Referring to FIG. 2, a side elevation view of connector assembly 10 is shown, partially in cross-section, in a fully assembled position. Housing 14 is shown to be formed with a central bore 50, having an enlarged diameter portion 52, a reduced diameter portion 54, and a third diameter portion 56. Housing 14 also includes a bushing 58 and an elastomeric ring 60 disposed in third diameter portion 56 of housing central bore 50. Bushing 58 also includes a flange portion 62, which extends into enlarged diameter portion 52 of central bore 50. A surface 64 of flange portion 62 is shaped to provide a slope corresponding to sloping wall portion 26 of conduit 12.
In the preferred embodiment, connector assembly 10 may be connected by first coupling retainer element 16 to housing 14, and then inserting connecting end 20 of conduit 12 into central bore 50 of the housing. Retainer element 16 is coupled to housing 14 by inserting legs 38 into apertures 36a and 36b and out through apertures 36c and 36d until barbs 44 extend through apertures 36c and 36d. Barbs 44 projects outwardly a distance sufficient to engage the upper edges of apertures 36c and 36d and prevent the removal of the retainer element from the housing. Apertures 36 a-d are shaped sufficiently large to permit both an inward and outward deflection of retainer legs 38. When retainer element 16 is being inserted into housing 14, the retainer legs deflect inwardly to permit barbs 44 to entend through apertures 36c and 36d. When connecting end 20 of conduit 12 is being inserted into bore 50 of housing 14, the retainer legs deflect outwardly to permit annular surface 18 to translate past the retainer legs. Sloping wall portion 26 of annular surface 18 cooperates with sloping lead area 42 of retainer legs 38 to reduce the force required to translate the annular surface past the retainer legs. After conduit 12 is fully inserted into central bore 50 of housing 14, as shown in FIG. 2, retainer legs 38 cooperate with blocking wall portion 22 of annular surface 18 to resist the disconnection or removal of conduit 12 from housing 14.
An important feature of housing 14 is elastomeric ring 60. This ring provides a fluid tight seal between conduit 12 and housing 14, and yet permits the conduit to rotate or swivel relative to the housing. Ring 60 is positioned transversely to axis 24 of conduit 12 by bushing 58. Flange portion 62 of bushing 58 provides a means for impeding further insertion of conduit 12 within central bore 50 when surface 64 of flange portion 62 contacts sloping wall portion 26 of annular surface 26 of the conduit.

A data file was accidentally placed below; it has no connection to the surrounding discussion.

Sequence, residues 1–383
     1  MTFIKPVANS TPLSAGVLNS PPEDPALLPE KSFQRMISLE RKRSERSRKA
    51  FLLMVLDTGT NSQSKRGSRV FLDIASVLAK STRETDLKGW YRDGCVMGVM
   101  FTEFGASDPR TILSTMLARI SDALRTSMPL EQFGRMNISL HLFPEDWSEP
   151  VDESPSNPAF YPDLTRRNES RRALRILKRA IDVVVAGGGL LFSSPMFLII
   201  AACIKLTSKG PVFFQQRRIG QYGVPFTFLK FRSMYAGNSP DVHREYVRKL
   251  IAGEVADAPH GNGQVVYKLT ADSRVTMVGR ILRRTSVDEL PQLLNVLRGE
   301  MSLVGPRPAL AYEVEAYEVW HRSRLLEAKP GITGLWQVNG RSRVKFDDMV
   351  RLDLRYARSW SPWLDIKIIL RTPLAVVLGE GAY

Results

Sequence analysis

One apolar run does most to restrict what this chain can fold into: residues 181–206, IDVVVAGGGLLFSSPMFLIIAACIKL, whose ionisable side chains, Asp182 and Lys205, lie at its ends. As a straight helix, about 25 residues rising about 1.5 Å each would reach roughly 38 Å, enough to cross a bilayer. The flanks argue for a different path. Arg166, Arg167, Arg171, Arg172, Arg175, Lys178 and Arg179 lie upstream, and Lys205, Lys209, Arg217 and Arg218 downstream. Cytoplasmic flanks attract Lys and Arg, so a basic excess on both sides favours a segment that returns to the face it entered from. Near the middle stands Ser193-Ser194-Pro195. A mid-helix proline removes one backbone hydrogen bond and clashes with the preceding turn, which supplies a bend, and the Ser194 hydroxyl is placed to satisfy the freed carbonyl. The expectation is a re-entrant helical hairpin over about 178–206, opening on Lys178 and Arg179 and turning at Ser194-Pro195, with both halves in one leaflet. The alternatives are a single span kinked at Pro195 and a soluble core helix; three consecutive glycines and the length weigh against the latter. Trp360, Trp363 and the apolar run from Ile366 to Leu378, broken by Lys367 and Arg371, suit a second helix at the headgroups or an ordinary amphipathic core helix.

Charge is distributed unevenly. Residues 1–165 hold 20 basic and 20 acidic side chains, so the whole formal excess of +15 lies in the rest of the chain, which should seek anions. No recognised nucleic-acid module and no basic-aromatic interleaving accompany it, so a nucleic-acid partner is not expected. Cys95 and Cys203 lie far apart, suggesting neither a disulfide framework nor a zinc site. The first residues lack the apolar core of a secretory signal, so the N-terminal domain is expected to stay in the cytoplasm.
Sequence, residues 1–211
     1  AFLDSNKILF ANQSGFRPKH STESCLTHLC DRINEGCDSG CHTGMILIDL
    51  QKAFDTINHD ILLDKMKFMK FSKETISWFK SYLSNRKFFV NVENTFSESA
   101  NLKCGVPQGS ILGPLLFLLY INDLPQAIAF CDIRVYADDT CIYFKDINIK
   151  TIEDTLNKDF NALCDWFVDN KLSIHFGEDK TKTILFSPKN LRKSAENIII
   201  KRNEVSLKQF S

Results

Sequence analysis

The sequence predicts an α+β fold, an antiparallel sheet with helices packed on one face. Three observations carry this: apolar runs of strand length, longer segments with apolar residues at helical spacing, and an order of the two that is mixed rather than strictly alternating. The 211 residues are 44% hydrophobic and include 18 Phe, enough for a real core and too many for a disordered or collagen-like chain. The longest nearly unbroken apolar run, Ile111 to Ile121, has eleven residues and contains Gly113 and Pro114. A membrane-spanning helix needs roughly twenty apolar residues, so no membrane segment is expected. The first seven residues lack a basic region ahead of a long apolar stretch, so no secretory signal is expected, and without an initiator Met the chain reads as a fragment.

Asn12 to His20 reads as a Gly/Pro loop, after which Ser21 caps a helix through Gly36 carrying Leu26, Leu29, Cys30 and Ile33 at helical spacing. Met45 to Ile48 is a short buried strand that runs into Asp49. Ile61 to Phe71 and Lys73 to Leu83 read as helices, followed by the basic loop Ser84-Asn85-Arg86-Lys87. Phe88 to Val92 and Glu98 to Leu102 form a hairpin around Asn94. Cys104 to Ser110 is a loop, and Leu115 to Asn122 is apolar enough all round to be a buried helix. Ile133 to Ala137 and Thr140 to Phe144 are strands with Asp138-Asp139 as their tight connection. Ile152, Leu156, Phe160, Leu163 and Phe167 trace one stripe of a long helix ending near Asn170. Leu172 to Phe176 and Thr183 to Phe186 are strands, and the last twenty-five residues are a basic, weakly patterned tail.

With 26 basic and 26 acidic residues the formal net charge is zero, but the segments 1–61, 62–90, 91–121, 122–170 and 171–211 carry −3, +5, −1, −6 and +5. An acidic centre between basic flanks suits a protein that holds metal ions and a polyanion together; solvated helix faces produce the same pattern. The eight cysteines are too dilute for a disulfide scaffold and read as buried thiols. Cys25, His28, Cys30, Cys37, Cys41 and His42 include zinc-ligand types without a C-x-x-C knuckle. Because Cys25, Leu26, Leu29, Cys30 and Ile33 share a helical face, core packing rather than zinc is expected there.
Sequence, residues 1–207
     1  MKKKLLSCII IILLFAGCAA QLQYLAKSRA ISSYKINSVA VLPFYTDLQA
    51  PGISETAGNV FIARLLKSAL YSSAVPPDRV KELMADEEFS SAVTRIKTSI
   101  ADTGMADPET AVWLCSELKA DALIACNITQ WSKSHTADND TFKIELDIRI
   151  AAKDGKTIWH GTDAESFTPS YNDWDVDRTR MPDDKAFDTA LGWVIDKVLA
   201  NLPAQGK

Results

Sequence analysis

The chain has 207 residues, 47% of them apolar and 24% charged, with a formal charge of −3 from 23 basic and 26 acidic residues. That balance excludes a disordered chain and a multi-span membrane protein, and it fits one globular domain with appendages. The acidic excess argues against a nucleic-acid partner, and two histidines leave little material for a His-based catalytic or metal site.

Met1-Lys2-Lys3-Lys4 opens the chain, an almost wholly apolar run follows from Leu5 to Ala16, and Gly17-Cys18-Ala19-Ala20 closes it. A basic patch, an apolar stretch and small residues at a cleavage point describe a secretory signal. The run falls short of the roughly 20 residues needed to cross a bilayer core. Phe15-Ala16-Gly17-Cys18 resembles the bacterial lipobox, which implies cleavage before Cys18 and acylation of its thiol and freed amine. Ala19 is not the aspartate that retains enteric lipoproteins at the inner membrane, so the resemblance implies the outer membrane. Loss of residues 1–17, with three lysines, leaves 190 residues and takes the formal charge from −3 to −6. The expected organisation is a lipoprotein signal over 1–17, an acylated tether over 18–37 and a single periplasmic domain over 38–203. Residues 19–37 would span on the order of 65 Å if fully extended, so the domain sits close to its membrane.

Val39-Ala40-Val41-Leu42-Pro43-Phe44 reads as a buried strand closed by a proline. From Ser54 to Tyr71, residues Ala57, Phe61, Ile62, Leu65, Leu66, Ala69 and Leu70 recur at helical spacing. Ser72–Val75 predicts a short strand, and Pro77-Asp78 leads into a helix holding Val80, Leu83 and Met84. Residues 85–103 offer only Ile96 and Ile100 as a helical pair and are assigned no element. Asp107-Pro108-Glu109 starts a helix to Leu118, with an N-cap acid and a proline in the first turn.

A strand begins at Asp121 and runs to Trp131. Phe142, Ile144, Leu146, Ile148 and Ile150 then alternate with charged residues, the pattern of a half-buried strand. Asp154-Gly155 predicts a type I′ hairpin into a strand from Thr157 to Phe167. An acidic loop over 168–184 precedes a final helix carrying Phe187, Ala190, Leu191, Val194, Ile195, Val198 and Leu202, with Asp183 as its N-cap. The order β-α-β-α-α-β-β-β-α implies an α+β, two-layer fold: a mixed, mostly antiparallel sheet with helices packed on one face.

Referring to FIG. 3, another view of connector assembly 10 is shown. Here, the connector assembly is illustrated in the "bleed-down" position. This feature of the invention may be used to safely disconnect conduit 12 from housing 14 when the fluid pressure is greater than ambient. Accordingly, retainer element 16 is partially removed or lifted up to the point where first and second recesses, 46 and 48 respectively, permit the retainer element to be translated toward a first end 66 of housing 14, in the direction of the arrows shown in FIG. 2. Surfaces 68 and 70 of the retainer recesses will engage the vertical edges of apertures 36 a-d adjacent to housing end 66, and prevent further axial translation of retainer element 16. Conduit 12 may then also be translated toward housing end 66, past the point where elastomeric ring 60 contacts conduit end 20. This will interrupt the fluid tight seal, and permit the pressure of the fluid to rapidly decrease. When this seal is broken, legs 38 of retainer element 16 will prevent the total ejection of the conduit from the housing under the force of the fluid pressure by engaging blocking wall portion 22 of annular surface 18. After the fluid pressure has decreased to the ambient pressure, the conduit may then be translated back toward a second end 72 of the housing, so that the retainer element may be removed. The conduit may then be removed from the housing without any obstruction.
Referring to FIG. 4, a second embodiment of a retainer element 74 is shown. Retainer element 74 is similar to retainer element 16, and the reference numerals for the corresponding components are the same. As in the case of retainer element 16, retainer element 74 is an integral element, formed in any conventional manner from a resilient material, such as plastic. The difference between these retainers resides in the lead areas formed in the sides of legs 38. Retainer element 74 is formed with an annular outwardly extending lead area 76 in each of the legs. Lead areas 76 have approximately the same thickness as the thickness of legs 38. Lead areas 76 may extend to the back surface of retainer element 74, or may only partially extend the width of legs 38, as shown in FIG. 4 at reference numeral 78. In contrast, lead areas 42 of retainer element 16 do not outwardly extend. Rather, lead areas 42 are recessed in the interior sides of legs 38 for retainer element 16. Thus, the thickness of legs 38 for retainer element 16 is reduced at the front surface of the legs, and gradually increases to the normal leg thickness at the back surface.
Referring to FIG. 5, a third embodiment of a retainer element 80 is shown. Retainer element 80 is also intended for use with housing 14 shown in FIG. 1. Retainer element 80 is made from a resilient material, and is comprised of a pair of generally parallel elongated legs 82 joined at one end by a cross number 84, which is extended to form annular members 86. These annular members generally conform to and partially encircle the outside surface of enlarge diameter portion 30 of housing 14. Annular members 86 are each formed with a barb 88 and a handle 90. Legs 82 are each formed with a lead area 92 similar in shape to lead area 42 for legs 38 of retainer element 16.